Redwood National Park Camping Review – Best Sites!
Redwood National Park camping is something that everyone should experience at least once while visiting northern California. Made famous because of the massive redwood trees and pristine landscapes, this national park has been the subject of many movies and television shows for decades.
Once inside, you will immediately understand why Redwood National Park camping is generally the first choice for those who visit. Considering the size, it’s usually not a day trip and after being there for just a short while, you won’t want to leave.
Redwood National Park facts are also very interesting, especially those surrounding the trees. Over 40% of all of the world’s redwood trees are located in this park. Some are as old as 500 years.
But, since your time will probably be spent doing activities like Redwood National Park hiking, riding bikes, fishing and swimming, you are going to need a place to relax at the end of the day. That means you are going to want to find the best site possible.
One thing you should be aware of about the Redwood National Park camping sites, they are all separated according to their areas. For example, there are developed campgrounds, which have potable water, showers and many other amenities.
There are also the Redwood National Park camping sites that are in the northern, southern and middle backcountry. Some do not allow RVs or trailers and are usually a bit more primitive, but that adds to the excitement.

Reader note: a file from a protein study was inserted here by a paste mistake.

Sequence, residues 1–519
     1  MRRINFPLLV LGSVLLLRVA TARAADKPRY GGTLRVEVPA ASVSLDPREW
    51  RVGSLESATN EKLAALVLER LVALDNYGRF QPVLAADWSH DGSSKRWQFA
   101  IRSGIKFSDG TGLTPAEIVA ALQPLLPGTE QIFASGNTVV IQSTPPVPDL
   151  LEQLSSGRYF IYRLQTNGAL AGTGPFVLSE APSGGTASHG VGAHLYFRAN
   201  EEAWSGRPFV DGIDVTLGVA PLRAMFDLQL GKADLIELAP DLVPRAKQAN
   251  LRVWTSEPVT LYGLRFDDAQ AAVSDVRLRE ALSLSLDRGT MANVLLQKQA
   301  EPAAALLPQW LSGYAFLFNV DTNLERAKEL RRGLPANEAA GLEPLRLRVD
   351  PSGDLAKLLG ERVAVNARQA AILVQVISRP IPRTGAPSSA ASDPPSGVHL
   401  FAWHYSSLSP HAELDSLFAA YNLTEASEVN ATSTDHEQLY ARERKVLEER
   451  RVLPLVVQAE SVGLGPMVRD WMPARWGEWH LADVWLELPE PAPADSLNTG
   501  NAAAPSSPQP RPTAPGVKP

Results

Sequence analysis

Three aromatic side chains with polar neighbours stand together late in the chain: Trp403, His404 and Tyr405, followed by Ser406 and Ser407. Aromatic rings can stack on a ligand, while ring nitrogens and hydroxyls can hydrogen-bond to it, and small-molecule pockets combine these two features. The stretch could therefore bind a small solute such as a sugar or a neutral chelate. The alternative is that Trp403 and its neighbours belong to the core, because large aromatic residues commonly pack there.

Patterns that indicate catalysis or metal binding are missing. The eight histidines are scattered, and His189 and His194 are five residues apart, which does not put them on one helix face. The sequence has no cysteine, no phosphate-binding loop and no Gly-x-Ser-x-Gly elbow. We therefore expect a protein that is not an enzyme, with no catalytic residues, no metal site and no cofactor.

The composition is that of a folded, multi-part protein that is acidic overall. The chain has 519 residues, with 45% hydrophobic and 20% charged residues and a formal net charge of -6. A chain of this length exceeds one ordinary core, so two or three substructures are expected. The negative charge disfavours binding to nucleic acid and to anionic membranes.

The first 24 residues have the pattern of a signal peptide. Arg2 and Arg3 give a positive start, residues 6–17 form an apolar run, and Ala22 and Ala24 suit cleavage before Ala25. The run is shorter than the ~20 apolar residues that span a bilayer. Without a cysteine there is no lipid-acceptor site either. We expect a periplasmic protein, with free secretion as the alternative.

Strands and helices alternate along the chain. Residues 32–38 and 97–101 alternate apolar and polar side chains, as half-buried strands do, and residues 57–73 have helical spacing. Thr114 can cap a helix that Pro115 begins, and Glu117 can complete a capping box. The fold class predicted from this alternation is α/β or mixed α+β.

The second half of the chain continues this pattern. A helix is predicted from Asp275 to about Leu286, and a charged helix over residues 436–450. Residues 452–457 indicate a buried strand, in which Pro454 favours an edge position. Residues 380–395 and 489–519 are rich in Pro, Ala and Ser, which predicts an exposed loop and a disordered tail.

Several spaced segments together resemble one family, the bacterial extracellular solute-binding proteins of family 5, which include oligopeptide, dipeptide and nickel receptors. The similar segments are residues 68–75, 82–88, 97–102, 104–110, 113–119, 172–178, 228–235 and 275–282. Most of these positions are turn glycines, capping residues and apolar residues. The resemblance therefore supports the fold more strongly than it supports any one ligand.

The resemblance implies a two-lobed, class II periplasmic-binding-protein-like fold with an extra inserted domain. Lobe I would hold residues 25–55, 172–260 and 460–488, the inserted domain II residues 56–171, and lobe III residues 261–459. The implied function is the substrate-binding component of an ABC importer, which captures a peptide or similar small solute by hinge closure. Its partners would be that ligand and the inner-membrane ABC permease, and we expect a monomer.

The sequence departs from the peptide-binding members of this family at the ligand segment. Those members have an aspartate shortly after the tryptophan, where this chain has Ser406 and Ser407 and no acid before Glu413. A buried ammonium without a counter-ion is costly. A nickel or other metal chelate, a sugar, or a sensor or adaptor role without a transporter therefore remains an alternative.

Here are the best Redwood National Park camping sites:
• Jedidiah Smith Redwoods – This is usually a top Redwood National Park lodging selection because of the large number of sites with prime locations. They also allow large RVs and trailers up to 36 feet. It is also one of the few that are open all year long. They provide shows, clean restrooms, and lockers for valuable items, barbeques or fire pits. You can also sign the kids up for the Junior Ranger Program.
• Elk Prairie – The number of sites are fewer here, only about 75 in total. However, they also have sections for RVs and trailers and the entire area is very secluded. The space between campsites is excellent, which allows for more privacy. They also have showers and restrooms. You have a choice between a barbeque or a fire pit for cooking and they even provide guided walks for avid hikers and bird watchers.
• Little Bald Hills – This is a northern backcountry camping area that only has 5 sites. It’s really for those who want complete seclusion and extreme privacy. You cannot drive in. The only options are bike or horses. They do have potable water and toilets however. They also provide fire pits, picnic tables and lockers.
• Miner’s Ridge – Finally, this is the smallest of the sites and is only accessible by foot. Unlike the luxuries of the Redwood National Park hotels, this campsite is for the rugged only. It sits on top of a bluff and overlooks Gold Bluffs Beach. There is no potable water, so you will need to boil any you take from the creek. But it’s perfect for true nature lovers. With only three sites, you will have absolute peace and quiet.